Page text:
Mar 14, 2022

Psychological resilience is an important dimension of resilience. The ability to stay cool under pressure is one of the keys to optimal nervous system health, whether you’re a basketball player at the free- throw line with a championship game at stake or a business executive on the cusp of a game-changing deal. 

Special Forces operators like Green Berets and Navy SEALs— who endure months of grueling training to condition their nervous systems for life-threatening situations—are examples of a population with extremely high levels of psychological resilience. At the other end of the spectrum, many monks who spend their lives in meditation can also reach extraordinary degrees of mental resilience. 

Though their methods and goals are different, both special operations soldiers and monks train themselves to handle scenarios that would trigger a stress response in the average person. That is, they develop the capacity to meet high-stakes challenges and psychological events without shifting into fight-or-flight mode. 

Granted, most people don’t experience the types of situations a monk or a special operations soldier deals with on a regular basis. At the same time, the ability to handle stress neurologically is a key component of overall fitness for everyone. Why? 

When we build psychological resilience, we also build our capacity to take on greater levels of challenge while remaining healthy and fit over the long term. At NeuFit®, two of the primary ways we help clients build this capacity are through using the Neubie® neuro-electrical stimulation device and controlling the breath. 

Using the Neubie® Device to Build Psychological resilience 

When using the Neubie device during a rehab or training session, there are times when we raise the power levels to the point where they push clients outside their comfort zone. In the face of discomfort, the lower parts of their brains start to panic, and most people naturally want to stop or quit. 

However, if we can coach people to breathe and move through the current, an amazing thing starts to happen: they adapt to the current instead of fighting against it. Each time this happens, clients learn that they’re capable of handling more challenges than they previously thought. Over time, this process leads to positive neurological adaptations, including greater psychological resilience. The breath is key to facilitating these adaptations.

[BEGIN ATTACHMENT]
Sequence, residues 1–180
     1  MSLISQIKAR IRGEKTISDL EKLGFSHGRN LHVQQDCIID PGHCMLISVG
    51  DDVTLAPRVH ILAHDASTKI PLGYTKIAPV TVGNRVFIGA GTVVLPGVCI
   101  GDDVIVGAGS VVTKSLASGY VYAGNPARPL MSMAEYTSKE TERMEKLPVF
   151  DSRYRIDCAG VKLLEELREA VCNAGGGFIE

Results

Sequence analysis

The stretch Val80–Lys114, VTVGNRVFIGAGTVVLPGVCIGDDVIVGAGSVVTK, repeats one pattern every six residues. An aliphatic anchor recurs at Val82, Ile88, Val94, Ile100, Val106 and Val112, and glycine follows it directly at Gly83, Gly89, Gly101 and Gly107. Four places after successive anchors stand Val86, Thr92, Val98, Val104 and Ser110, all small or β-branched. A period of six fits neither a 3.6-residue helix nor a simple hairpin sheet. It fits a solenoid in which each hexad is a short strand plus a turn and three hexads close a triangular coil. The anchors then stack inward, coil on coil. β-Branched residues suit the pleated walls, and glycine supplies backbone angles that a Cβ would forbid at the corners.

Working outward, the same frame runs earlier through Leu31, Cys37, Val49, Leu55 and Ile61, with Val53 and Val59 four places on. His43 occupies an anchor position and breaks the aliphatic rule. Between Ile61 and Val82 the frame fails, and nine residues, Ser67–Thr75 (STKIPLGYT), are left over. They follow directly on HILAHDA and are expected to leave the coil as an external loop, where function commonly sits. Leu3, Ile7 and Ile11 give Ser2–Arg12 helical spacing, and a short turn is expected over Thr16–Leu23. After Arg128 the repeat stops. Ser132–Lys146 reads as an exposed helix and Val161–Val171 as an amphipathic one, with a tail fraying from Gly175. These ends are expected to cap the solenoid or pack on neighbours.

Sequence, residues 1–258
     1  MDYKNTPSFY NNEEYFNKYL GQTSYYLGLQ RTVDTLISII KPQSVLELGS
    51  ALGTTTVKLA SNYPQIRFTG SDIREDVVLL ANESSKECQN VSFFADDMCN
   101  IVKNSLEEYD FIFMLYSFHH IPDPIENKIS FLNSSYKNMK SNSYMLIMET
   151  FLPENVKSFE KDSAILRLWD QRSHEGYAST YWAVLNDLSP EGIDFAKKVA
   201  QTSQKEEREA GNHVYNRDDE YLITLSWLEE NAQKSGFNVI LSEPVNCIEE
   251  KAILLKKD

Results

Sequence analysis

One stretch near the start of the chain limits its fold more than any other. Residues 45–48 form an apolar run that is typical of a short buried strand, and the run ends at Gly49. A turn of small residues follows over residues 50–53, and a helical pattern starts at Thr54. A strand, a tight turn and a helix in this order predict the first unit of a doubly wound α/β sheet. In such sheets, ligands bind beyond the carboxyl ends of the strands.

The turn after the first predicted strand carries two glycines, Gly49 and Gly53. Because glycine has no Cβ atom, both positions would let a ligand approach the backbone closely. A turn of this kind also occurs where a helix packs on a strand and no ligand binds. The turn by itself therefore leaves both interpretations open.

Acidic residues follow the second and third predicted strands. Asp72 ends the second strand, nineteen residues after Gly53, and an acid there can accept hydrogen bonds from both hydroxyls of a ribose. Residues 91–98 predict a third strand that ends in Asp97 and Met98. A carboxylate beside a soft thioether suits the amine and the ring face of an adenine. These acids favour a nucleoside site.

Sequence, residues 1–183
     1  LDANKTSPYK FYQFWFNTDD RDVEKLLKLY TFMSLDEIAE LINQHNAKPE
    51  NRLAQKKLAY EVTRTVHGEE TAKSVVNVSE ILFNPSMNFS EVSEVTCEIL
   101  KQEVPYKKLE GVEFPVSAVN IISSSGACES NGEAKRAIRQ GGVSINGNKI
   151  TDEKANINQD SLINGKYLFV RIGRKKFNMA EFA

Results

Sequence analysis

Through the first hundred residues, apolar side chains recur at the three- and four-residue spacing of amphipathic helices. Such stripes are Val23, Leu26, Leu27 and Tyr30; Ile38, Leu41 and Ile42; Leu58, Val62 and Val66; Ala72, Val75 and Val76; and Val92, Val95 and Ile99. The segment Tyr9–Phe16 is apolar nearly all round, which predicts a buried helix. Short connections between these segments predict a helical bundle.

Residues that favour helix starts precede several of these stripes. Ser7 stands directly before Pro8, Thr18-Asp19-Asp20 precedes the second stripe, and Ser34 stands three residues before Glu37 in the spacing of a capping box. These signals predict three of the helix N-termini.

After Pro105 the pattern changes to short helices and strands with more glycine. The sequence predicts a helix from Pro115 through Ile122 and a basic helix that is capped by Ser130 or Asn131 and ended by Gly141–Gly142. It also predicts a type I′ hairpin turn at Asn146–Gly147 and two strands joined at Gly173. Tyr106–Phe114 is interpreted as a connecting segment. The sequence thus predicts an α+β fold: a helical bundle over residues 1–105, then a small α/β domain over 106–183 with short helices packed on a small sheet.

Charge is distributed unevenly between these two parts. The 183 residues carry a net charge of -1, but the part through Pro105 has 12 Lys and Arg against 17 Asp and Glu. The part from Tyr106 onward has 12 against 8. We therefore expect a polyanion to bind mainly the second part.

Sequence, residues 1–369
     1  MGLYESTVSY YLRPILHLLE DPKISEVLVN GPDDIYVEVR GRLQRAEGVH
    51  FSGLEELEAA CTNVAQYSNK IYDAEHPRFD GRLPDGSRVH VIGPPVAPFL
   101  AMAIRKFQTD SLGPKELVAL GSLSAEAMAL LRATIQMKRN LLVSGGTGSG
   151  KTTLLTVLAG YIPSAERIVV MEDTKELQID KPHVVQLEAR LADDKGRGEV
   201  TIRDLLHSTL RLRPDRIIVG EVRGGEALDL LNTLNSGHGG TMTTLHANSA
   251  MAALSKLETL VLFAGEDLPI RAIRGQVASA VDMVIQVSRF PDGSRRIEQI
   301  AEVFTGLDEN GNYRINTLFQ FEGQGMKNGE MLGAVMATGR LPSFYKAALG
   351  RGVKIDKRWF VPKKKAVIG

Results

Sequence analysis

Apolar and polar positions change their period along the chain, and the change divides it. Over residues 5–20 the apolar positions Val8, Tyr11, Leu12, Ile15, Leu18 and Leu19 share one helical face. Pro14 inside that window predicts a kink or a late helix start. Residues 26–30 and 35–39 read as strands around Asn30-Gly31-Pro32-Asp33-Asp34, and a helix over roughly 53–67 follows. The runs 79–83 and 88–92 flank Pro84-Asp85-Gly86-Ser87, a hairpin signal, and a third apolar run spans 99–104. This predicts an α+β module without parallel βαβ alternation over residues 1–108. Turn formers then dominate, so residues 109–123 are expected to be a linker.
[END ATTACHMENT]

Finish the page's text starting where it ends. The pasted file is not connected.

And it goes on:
Breathing for Psychological resilience 

The way a person breathes plays a major role in nervous system function and in the body’s stress response. Through the simple practice of nose breathing—especially during exercise, when it’s most challenging—we can train the nervous system to handle increasing levels of stress while remaining in a healthier, parasympathetic-dominant state. 

Why does nose breathing make such a difference in nervous system function? It goes back to the idea of specificity of adaptation. In other words, the body responds and adapts to exactly what a person is doing. 

Imagine, for example, that someone takes a twenty-minute run. The run can be helpful or harmful depending on how they do it.¹ If they’re practicing good posture, breathing in and out through the nose, and focusing on slowing down the breath while they’re running, they’re essentially teaching the body to stay calm in the face of stress. This way, even though their heart rate is increasing and they’re challenging the body’s energy systems, their nervous system doesn’t shift as significantly into fight-or-flight mode to meet the challenge. 

On the other hand, if they go on a twenty-minute run and spend the entire time hunched over, panting, and breathing through the mouth, they’re training the nervous system to be in fight-or-flight mode. (By itself, mouth breathing signals the nervous system to shift towards fight-or-flight.) As a result, their body adapts to being in this state, signaling the nervous system to lock into sympathetic mode for the rest of the day. 

In upcoming blog posts, we’ll go into more detail about how to use breathing to improve nervous system function, including various breathing techniques and a deeper discussion on breathing mechanics, oxygen, and carbon dioxide. For now, it’s important to keep in mind that practicing nose breathing during training—by intentionally overriding the impulse to breathe through the mouth—is one of the best ways to build resilience, both physical and psychological. 

Let’s charge forward to better outcomes together!

¹ Frederick Travis et al., “Invincible Athletics Program: Aerobic Exercise and Performance without Strain,” International Journal of Neuroscience 85, no. 3–4 (January 1996): 301–8,